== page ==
Pregnancy Fitness


Staying active while pregnant

Athletic activity is a regular part of many expectant mothers' lives. During pregnancy, physical fitness activities provided multiple benefits to body and mind: the enjoyment of the activity, better fitness and health, weight management, stress management, improved mood, and body benefits, including improved strength and decreased pain. Exercise can make labor easier, decrease back pain, and make child care less tiring. Although there are some important changes you must make to protect your child, with modifications, most types of exercise can be continued throughout pregnancy.

As with all aspects of pregnancy, there are many factors of which you need to be aware, especially if this is your first pregnancy. Remember, pregnancy is the beginning of a new stage of your life. You are responsible not just for yourself, but also for a wonderful child. This child's well-being and health depend on you. Using your skills in health management with exercise and fitness will preserve the health of both you and your baby.

Basic Guidelines
Once you suspect or know you are pregnant, you must start to listen to your body signals while exercising. Pay close attention to the four "F" fitness factors: fahrenheit, fluids, food, and fatigue. Ignoring these factors can cause problems with the development of your baby and the health of your pregnancy.

This refers to exercising in extreme temperatures. It is very important that you do not get overheated or feel hot while exercising. Your core body temperature actually rises while you exercise in extreme heat (over 80 degrees Fahrenheit). Problems with the neurological development of your baby can occur when your temperature goes up. For this reason, saunas, hot baths, and Jacuzzis are prohibited during pregnancy. This is particularly important during the first trimester. High temperatures also accelerate dehydration, another health risk during pregnancy.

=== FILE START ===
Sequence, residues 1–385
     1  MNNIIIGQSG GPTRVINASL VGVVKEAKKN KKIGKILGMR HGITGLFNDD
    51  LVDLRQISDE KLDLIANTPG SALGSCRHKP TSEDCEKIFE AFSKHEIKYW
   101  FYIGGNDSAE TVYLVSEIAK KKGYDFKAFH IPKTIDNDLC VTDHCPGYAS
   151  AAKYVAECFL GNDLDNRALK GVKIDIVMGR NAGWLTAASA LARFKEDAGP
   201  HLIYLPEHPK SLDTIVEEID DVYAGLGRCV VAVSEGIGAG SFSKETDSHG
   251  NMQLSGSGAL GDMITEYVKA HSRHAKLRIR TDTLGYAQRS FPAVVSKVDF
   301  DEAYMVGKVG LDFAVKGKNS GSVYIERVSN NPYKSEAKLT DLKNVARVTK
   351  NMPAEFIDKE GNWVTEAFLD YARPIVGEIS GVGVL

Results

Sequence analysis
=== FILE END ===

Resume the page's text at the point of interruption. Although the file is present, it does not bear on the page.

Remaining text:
To avoid dehydration, a cause of early labor, make sure you are drinking plenty of fluids—about two cups a day more than before. During exercise, always have water or a sports drink available. You should sip at least every 10 minutes, and drink 1 cup for every 20 minutes of exercise. Your blood volume increases significantly with pregnancy and requires more fluids to maintain it.

Because pregnancy is a higher state of metabolism and you burn sugars quicker than normal, you must provide your growing baby and yourself with enough fuel at all times. Before exercising, make sure you have eaten within the past two hours, and have a snack within the half hour after. If you are exercising for longer than one hour, it is recommended that you take a break and have a carbohydrate snack at least every half-hour during activity.

Because your baby's development depends solely on your body, it is much easier to feel fatigued during exercise. Do not push yourself through this. Stop when you feel tired, and especially if you are light-headed or short of breath. You might only be able to do one-third or one-half the exercise you did when you were not pregnant; some days, especially if you are active all day, you might not have energy to exercise at all. Rest if you are tired, and do not push your exercise to extremes. On these days, instead of a hard workout, consider a 20-minute walk, a gentle yoga class, or easy cycling. Sometimes, what you might really need is a nap.

The Four "F" Fitness Factors to Consider While Exercising During Pregnancy

Factor What to Consider Detail
Fahrenheit Avoid high temperatures. You should never exercise or even relax in heat or temperatures above 90 degrees. Saunas, hot baths, and Jacuzzis are prohibited.
Fluids Drink plenty! You should never let yourself feel thirsty to prevent dehydration.
Food Food is your fuel and is used up more quickly in pregnancy. During pregnancy, you use up your body fuel stores faster; a carbohydrate snack should be eaten within a half hour of exercise and during exercise longer than one hour.
Fatigue Rest is essential to your developing baby. Fatigue is your body telling you that you need rest. Listen to your body and modify (or skip) your workout when you feel you need rest.


More on: Postpartum

excerpted from:

From The Active Woman's Health and Fitness Handbook by Nadya Swedan. Copyright © 2003 by Nadya Swedan. Used by arrangement with Perigee, a member of Penguin Group (USA) Inc.

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